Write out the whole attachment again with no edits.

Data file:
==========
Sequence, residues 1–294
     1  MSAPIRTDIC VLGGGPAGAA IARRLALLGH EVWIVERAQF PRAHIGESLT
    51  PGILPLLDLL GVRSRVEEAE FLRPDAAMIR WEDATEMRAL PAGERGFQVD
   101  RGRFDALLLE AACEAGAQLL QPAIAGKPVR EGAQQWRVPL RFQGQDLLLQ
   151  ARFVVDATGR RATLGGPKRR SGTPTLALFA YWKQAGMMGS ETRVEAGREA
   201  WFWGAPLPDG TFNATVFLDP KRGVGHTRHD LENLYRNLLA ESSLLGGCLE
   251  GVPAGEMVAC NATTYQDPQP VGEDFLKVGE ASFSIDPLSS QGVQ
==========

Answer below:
Sequence, residues 1–294
     1  MSAPIRTDIC VLGGGPAGAA IARRLALLGH EVWIVERAQF PRAHIGESLT
    51  PGILPLLDLL GVRSRVEEAE FLRPDAAMIR WEDATEMRAL PAGERGFQVD
   101  RGRFDALLLE AACEAGAQLL QPAIAGKPVR EGAQQWRVPL RFQGQDLLLQ
   151  ARFVVDATGR RATLGGPKRR SGTPTLALFA YWKQAGMMGS ETRVEAGREA
   201  WFWGAPLPDG TFNATVFLDP KRGVGHTRHD LENLYRNLLA ESSLLGGCLE
   251  GVPAGEMVAC NATTYQDPQP VGEDFLKVGE ASFSIDPLSS QGVQ